It was exciting, frightening, and more than a bit out of control. The sharks would swim right up to us and bite cameras, cage bars, jet fins or anything else that presented the hope of a snack. Several had even bitten the support ship’s propellers, struts and rudders. The refuge of sturdy shark cages was our only solace at times. Those of us who persevered considered ourselves to be members of a fairly select team of divers who were certainly showing far more bravado than anyone else we’d met when it came to shark encounters.
However, our macho elitist personas were instantly dashed when we got a weekend off in February that year and took in a movie that had just been released called Blue Water, White Death. In the film’s stunning first half, a stalwart fellow named Stan Waterman slipped out of his protective cage along with his team and forever entered the pantheon of diving history as they became the first divers to ever deliberately swim with hundreds of actively feeding oceanic whitetip sharks. It was enough to make a bunch of semi-fearless Navy divers wet our collective pants.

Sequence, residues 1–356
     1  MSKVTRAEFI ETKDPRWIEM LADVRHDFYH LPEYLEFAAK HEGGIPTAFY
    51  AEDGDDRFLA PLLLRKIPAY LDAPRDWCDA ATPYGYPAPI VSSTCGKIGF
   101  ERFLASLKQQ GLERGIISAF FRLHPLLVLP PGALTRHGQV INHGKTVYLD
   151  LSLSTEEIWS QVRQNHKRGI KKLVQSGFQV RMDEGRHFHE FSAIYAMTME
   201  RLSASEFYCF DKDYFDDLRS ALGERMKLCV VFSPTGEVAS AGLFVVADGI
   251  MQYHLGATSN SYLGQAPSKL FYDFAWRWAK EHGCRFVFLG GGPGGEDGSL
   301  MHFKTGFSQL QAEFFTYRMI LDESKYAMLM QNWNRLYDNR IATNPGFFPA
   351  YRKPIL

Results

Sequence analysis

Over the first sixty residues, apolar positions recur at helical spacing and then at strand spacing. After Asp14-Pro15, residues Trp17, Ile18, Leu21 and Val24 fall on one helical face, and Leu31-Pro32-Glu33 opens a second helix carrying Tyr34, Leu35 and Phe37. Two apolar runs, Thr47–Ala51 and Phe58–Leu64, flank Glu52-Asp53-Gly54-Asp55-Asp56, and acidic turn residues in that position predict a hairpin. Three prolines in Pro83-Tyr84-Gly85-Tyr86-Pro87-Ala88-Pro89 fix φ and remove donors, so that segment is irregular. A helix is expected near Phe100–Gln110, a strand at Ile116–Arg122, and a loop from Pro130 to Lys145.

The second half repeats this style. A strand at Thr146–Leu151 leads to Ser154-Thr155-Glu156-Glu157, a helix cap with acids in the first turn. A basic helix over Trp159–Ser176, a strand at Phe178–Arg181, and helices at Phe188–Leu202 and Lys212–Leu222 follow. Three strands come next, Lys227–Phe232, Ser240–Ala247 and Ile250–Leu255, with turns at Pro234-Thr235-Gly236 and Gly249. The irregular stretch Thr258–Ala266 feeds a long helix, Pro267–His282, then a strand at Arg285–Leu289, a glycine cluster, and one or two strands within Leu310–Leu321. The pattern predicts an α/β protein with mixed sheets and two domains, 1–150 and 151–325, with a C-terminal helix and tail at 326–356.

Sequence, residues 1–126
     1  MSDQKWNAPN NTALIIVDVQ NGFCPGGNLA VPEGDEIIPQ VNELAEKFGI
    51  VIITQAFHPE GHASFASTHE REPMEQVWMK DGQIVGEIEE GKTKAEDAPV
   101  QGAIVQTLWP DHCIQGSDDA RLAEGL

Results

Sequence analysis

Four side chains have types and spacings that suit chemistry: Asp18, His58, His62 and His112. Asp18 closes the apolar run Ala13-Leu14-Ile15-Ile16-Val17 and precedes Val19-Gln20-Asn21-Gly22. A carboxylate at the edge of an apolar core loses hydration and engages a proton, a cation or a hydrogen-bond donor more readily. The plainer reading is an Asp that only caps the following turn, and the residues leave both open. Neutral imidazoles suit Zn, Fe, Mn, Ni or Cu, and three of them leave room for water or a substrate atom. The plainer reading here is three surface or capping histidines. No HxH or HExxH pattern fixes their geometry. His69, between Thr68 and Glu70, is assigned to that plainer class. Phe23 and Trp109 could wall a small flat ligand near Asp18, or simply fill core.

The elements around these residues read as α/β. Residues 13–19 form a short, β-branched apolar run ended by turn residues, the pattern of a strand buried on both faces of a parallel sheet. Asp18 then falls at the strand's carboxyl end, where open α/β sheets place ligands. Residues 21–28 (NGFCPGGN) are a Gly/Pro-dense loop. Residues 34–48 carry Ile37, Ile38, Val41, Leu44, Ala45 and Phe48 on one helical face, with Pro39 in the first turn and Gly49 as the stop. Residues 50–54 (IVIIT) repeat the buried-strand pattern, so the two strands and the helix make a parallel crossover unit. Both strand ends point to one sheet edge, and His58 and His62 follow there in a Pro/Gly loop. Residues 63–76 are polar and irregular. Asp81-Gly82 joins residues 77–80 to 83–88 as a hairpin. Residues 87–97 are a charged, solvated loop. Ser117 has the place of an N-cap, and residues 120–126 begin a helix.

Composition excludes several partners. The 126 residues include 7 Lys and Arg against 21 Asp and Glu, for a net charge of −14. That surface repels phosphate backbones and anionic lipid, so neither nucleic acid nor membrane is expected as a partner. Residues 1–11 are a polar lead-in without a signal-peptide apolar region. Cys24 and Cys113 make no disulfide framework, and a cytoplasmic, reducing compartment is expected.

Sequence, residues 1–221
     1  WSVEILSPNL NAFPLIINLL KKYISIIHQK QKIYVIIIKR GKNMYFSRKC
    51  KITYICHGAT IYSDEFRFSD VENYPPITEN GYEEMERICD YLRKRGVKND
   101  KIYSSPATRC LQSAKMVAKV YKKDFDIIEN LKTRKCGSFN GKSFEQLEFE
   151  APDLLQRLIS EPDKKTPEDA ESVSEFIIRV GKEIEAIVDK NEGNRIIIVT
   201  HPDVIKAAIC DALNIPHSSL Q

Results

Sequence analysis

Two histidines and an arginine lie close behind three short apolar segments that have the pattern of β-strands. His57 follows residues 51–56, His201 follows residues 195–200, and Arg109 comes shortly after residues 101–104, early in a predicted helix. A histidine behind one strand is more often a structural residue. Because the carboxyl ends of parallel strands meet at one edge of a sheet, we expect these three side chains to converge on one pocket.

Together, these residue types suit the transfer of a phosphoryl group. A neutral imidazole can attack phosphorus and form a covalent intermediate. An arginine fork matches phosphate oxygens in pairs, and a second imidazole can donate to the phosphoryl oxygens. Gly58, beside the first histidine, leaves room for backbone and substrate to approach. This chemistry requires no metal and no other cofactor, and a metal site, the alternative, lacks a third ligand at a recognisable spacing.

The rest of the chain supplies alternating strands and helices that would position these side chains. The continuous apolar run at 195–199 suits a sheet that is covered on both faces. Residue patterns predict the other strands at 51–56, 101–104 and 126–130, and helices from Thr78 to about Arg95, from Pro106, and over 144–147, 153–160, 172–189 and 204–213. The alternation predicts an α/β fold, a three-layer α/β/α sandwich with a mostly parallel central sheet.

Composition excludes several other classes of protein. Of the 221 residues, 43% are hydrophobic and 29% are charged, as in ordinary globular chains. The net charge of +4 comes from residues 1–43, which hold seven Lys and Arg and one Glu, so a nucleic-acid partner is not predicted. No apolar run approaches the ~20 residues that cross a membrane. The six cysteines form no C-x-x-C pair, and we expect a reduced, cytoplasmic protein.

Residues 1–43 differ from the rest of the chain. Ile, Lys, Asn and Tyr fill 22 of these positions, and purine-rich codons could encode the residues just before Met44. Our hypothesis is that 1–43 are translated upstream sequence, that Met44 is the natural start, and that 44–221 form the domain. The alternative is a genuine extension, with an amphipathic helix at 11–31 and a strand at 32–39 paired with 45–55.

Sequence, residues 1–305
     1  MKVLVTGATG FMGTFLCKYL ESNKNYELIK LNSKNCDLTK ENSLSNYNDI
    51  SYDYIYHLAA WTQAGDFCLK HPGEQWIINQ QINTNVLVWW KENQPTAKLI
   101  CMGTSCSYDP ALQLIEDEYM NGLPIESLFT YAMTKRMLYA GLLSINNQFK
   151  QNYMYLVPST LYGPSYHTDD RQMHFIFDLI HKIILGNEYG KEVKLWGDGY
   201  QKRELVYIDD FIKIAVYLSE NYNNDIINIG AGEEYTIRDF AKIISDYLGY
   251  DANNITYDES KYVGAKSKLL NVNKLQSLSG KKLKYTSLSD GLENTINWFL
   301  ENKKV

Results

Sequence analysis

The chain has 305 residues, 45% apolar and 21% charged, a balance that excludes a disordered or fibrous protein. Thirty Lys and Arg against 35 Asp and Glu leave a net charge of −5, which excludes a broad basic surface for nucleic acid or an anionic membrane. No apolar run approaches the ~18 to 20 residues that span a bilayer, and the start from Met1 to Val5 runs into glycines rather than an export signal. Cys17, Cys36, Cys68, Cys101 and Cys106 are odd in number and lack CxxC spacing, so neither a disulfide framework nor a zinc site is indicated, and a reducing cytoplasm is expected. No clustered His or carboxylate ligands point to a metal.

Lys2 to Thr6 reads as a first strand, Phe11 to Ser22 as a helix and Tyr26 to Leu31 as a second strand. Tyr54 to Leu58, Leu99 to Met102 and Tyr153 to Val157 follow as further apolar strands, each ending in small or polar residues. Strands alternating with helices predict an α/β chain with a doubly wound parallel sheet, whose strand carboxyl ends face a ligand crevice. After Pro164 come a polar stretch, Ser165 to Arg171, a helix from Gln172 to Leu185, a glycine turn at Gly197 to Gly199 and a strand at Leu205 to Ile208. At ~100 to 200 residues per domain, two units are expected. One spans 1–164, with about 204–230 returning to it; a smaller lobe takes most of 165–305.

At the time, it was quite simply the most daring act that we could imagine and we all returned to our regimen of diving with subs and sharks with a new humility and respect for our elders. After all, Gimbel and Waterman were in their late forties in age (old men!) while we were blessed (and cursed) with the arrogance of youth being barely past the legal drinking age and had heretofore considered ourselves invincible specimens of physical fitness and diving acuity.